How you respond to the release of the Carl F. Bucherer Patravi TravelTec watch in black DLC will probably depend on your thoughts on the current options presented by the brand. Their choice to release a matte black DLC version of their Patravi TravelTec provides an interesting option to those who want something a little different from the stainless steel models and for those who, for whatever reason, don’t want to get a gold version either. It’s still edgy but also a more reserved (and affordable) alternative to the Patravi TravelTec GMT FourX (reviewed here), which is the skeletonized version.
The name Carl F. Bucherer has been known to the watchmaking world since 1888. With familial origins in the city of Lucerne, this ancient Swiss maison has been attached to a newer incarnation that, since 2001, has focused on developing in-house movements. After years of research, the company succeeded in their goal to produce a Bucherer calibre with the launch of the CFB A1000 movement, powered by a peripheral rotor. This watch, however, still uses the modified ETA CFB 1901.1 movement found in the aforementioned Patravi TravelTec watches.
For those not familiar with the previous models of this watch, the first thing to mention about the Carl F. Bucherer Patravi TravelTec watch is its ability to display three time zones at once. This is more than just a simple GMT watch – the clever and clear dial display enables even the most regular roamer to keep up with time at home, abroad, and wherever in the world they may be. At first glance, it isn’t totally apparent how the watch indicates all three time zones, but thanks to the patented “monopusher” at ten o’clock, one of the two internal bezels can be advanced by hour increments in either an easterly or westerly direction to indicate the third time zone via the red 24-hour hand.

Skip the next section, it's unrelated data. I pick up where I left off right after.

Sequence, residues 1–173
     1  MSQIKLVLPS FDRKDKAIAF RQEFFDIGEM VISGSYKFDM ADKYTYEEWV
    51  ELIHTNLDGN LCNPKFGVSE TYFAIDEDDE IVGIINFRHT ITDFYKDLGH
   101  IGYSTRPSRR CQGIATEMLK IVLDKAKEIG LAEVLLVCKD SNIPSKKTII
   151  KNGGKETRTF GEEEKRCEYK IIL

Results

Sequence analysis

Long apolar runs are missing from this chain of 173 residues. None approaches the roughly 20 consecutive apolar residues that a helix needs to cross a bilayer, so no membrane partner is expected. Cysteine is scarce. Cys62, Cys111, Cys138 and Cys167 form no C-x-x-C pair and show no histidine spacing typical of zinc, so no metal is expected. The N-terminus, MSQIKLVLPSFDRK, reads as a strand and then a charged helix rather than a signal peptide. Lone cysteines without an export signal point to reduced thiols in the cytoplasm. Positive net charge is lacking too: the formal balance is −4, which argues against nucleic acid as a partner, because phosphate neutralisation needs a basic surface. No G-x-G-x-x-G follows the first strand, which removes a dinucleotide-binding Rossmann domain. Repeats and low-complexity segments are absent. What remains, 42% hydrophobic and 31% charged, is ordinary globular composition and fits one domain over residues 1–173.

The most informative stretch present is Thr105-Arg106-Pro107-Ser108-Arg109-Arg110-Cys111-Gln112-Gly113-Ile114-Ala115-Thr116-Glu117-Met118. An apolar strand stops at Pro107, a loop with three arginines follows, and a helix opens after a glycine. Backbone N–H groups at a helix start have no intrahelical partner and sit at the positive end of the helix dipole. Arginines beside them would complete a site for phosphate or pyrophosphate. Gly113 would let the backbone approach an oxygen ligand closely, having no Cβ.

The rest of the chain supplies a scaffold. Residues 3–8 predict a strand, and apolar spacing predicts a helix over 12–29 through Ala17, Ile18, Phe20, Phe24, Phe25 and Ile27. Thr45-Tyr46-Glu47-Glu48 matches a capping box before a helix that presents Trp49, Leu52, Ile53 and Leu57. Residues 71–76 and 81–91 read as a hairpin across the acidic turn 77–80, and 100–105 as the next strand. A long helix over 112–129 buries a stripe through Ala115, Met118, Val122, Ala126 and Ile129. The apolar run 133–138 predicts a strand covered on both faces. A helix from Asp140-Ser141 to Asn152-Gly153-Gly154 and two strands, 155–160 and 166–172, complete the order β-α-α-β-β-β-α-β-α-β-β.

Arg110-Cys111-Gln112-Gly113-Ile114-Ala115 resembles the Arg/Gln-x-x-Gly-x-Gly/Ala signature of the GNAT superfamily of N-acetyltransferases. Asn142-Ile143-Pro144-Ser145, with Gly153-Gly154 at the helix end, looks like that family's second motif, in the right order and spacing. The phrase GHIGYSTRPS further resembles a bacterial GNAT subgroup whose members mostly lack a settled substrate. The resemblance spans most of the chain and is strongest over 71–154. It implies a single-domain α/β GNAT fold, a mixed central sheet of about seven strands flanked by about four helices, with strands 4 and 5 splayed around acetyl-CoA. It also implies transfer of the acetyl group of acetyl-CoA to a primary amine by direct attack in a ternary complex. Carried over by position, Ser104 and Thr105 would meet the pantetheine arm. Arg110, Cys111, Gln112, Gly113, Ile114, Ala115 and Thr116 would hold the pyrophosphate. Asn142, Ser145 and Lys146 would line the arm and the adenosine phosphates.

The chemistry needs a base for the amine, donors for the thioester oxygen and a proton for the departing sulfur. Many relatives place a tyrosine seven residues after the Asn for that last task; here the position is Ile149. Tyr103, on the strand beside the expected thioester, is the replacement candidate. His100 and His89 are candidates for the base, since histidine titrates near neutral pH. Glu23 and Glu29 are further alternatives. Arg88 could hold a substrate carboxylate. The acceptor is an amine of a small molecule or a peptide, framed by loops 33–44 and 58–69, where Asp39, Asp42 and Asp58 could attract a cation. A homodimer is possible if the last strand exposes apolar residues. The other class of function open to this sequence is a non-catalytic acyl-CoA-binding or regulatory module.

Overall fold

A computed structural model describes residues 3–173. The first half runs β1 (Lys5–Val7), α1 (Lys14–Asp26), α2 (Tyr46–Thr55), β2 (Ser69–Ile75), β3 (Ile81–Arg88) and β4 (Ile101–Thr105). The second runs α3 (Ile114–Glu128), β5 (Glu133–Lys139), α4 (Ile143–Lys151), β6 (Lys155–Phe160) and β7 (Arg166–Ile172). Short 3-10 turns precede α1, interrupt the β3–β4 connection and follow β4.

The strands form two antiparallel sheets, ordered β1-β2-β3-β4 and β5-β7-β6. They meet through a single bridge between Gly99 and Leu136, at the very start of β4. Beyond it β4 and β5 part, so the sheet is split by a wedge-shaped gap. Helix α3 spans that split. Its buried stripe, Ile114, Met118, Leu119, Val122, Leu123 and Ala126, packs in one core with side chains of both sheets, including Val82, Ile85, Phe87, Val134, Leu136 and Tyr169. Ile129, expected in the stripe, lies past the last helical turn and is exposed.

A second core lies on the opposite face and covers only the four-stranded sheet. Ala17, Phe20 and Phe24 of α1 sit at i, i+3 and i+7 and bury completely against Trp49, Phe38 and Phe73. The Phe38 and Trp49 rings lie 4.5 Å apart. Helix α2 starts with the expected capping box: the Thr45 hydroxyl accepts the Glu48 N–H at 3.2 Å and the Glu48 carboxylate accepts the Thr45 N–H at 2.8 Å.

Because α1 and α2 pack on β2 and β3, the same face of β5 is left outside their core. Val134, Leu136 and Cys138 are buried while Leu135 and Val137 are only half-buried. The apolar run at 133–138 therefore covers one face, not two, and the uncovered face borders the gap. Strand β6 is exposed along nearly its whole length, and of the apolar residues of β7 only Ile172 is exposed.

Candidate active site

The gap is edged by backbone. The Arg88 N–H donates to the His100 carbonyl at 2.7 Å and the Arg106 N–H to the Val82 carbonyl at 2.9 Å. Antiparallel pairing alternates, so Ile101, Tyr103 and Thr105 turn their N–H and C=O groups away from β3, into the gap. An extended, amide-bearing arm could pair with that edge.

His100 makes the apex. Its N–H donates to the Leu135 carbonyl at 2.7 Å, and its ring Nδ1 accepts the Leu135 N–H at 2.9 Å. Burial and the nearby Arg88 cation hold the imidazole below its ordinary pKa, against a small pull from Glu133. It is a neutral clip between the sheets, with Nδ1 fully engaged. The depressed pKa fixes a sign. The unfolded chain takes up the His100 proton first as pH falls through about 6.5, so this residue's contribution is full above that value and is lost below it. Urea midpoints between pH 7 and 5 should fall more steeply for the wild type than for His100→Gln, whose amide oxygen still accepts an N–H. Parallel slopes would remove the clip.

The second two time zones are both indicated by the red hand. You set the hand to line up with the corresponding time zone on the dial to read the second time zone, and then you set the rotating bezel to the third time zone and just ignore the dial position of the 24-hour hand to read it. It’s a brutally simple way to get two functions out of one hand, and it’s pretty simple to use. All it does is save you a momentary mental calculation, but the Carl F. Bucherer Patravi TravelTec does it with style and utilises new technology (the monopusher) in the process.
The ten o’clock monopusher is surrounded by a rotatable collar, bearing an “E” for east, and a “W” for west. By twisting the collar, you can select which direction you want the internal bezel to rotate depending on which direction you are travelling. With each push, the internal bezel moves one hour.
The case of the Carl F. Bucherer Patravi TravelTec is 46.6mm wide and 15.5mm thick. Simply put, it’s a big piece of kit. Being all black increases its presence on the wrist. Team those proportions and colour scheme with a chunky bracelet (also DLC-treated stainless steel), and you have a seriously imposing timepiece on your wrist. Despite this, the watch, like the rest in its family, is only water resistant to 50 meters.
Despite its brawn, this Carl F. Bucherer Patravi TravelTec watch is probably more lovable for its brainy side. The dial is easy to use, but is certainly busy. Here, the extra internal bezel does clutter things a bit, but the font is wisely basic and the different dial elements well spaced. The red accents (on the “east” and “west” markers at 12, and on the 24-hour hand) are welcome. They break up the relentless pairing of black and white nicely. The shape of the case is slightly more voluptuous than I would have guessed for a travel watch, and the softly curved bezel looks great under DLC. I think the designers were quite smart to put these kind of smooth lines into the make-up of a watch this size. In my mind, it makes the Carl F. Bucherer Patravi TravelTec watch far more wearable.
Carl F. Bucherer is a brand that is providing some unique options to watch buyers who want something that stands out in a crowd but is still unique enough to not be on every other wrist. Sure, Sylvester Stallone has worn these pieces in the past, like when he sported a gold version a couple of years back, but the brand is hardly as ubiquitous or recognizable as Panerai. And that can be a very good thing for fans of the brand. Price for the Carl F. Bucherer Patravi TravelTec in black with DLC coating is $15,800. carl-f-bucherer.com